Happy Quiche and Happy Sandwiches survive opposition from McDonald’s Happy Meal

We’ve all had one. A Happy Meal that is. Some of us might have continued to buy them in circumstances that might not be considered “age appropriate”, but there’s no shame in that. I’ll admit to having had some pretty good sandwiches in my day too. Quiches … not so much.

The question as to how far McDonald’s rights in HAPPY MEAL extend was recently considered in McDonald’s v Noble Foods Limited (Case O-181-14; the decision can be seen here). The facts are relatively straightforward. McDonald’s opposed registration of the marks HAPPY SANDWICHES and HAPPY QUICHE in the UK, based on earlier registrations for its HAPPY MEAL mark.

The Hearing Officer had upheld the opposition. But then it went up on appeal to the Appointed Person Mr Iain Purvis QC. The AP took apart the decision as follows.

Proof of use

McDonald’s earlier HAPPY MEAL registrations were over 5 years old, and so it had to prove use of those marks during the relevant period. The AP accepted that McDonald’s had used the mark in respect of services (the preparation of carry-out foods, in class 43), but overturned the Hearing Officer’s decision that the HAPPY MEAL mark had been used on goods. The Hearing Officer had held that Happy Meal was not used on fizzy drinks, but that it was used in respect of burgers and chicken pieces, because those goods were produced under the control of McDonald’s, the owner of the HAPPY MEAL mark. The AP took into account that the goods were otherwise marked (eg. Coca-Cola for the fizzy drink, and the food in wrappers or boxes bore other indicia such as the Golden Arches logo), and that the mark HAPPY MEAL does not appear on the box itself. The distinction between fizzy drinks on the one hand and chicken and burgers on the other was held to be a false one by the AP. The AP tested this by reference to whether the nature of the use would not change even if McDonald’s purchased the Coca-Cola business, and considered that it would not.

The evidence (aka “oops”)

The Applicant filed evidence from 3 witnesses, including the evidence of Mr Horton (MD of the Applicant), relating to the use of the Applicant’s HAPPY EGG brand (enjoying retail sales of £67 million per year since 2009).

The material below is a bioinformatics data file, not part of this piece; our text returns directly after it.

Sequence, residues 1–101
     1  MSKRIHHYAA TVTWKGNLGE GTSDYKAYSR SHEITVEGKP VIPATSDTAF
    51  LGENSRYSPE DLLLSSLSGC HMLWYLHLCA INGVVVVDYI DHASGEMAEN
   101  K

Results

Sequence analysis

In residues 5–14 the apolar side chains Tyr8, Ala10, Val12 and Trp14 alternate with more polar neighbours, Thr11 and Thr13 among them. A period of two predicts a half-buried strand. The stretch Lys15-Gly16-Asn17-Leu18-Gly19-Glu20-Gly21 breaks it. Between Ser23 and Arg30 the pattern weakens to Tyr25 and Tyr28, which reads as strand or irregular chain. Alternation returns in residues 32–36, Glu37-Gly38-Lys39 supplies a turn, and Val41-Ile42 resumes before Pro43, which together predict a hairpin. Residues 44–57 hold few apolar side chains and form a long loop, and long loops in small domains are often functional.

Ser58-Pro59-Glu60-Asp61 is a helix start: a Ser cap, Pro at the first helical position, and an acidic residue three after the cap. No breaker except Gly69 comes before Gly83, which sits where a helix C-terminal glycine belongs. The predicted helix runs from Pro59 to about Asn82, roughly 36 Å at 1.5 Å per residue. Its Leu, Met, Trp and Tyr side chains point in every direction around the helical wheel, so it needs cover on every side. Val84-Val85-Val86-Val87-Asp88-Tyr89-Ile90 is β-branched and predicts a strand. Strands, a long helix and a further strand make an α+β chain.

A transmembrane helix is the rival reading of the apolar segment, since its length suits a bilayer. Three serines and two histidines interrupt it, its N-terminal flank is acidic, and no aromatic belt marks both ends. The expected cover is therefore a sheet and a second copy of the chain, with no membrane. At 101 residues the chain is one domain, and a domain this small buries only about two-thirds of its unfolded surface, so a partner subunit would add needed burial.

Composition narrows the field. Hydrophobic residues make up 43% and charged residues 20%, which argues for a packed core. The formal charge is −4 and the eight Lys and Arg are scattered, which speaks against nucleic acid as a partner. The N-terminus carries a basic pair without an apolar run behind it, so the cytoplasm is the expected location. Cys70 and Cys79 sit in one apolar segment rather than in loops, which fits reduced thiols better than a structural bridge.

It was curious then that this evidence received little or no comment in the decision of the Hearing Officer, and the AP concluded that this evidence and the argument based on it simply slipped the Hearing Officer’s mind. The AP considered that this evidence was material (it established the existence of another prominent brand that combined HAPPY with a foodstuff), and so should have been factored in to the likelihood of confusion analysis. This opened the door for the AP to consider that issue afresh.

Reasonable, moderate, good and high degrees of similarity

The Hearing Officer had categorised the degree of similarity between the respective goods and services in a number of ways. However, the AP took this to task, mentioning that it was not clear whether a “moderate” degree of similarity was greater than a “reasonable” degree. Given his findings on proof of use, the decision from the Hearing Officer was left in a state of limbo because it was not clear whether the Hearing Officer would have come to the same conclusion as regards HAPPY QUICHE if she had only considered McDonald’s earlier services (and not the goods). In respect of HAPPY SANDWICHES, there was no ambiguity.

The overall assessment of the likelihood of confusion

McDonald’s contended that there was a likelihood of indirect confusion, on the basis that the average consumer would believe that HAPPY SANDWICHES (for sandwiches) and HAPPY QUICHE (for quiches) represented brand extensions of HAPPY MEAL. The AP disagreed:

  • HAPPY is a common word, “which the public would not be surprised to see being used by unrelated enterprises in the field of food or catering as part of a trade mark”.
  • This conclusion was supported by the evidence, which showed adjectival use of HAPPY in the trade names of a number of food and catering businesses, including HAPPY SHOPPER, HAPPY EATER, HAPPY COW, THE HAPPY PLAICE and (most convincingly in the AP’s view) HAPPY EGG. The totality of this showed that the average consumer is likely to have come across other brands using the word HAPPY as an adjective in relation to food or catering.
  • There is “no particularly striking link between the words SANDWICHES or QUICHE and the word MEAL” which might cause the public to think of these as a brand extension of HAPPY MEAL.

Needless to say, the AP concluded that the decision of the Hearing Officer was wrong, and directed that the HAPPY SANDWICHES and HAPPY QUICHE applications proceed to grant.

The “take aways” (ha ha ha … sorry)

Mr Purvis QC, in his role as AP, has on a number of occasions now overturned assessments made at first instance as to the overall assessment of the likelihood of confusion (see for example his demolition job of the first instance decision in the Kurt Geiger case, here). This decision is one to add to that list.

Simply put, this is an example of how the totality of the respective marks must be considered when assessing the likelihood of confusion, regardless of whether the case is run in the UK or Australia or New Zealand.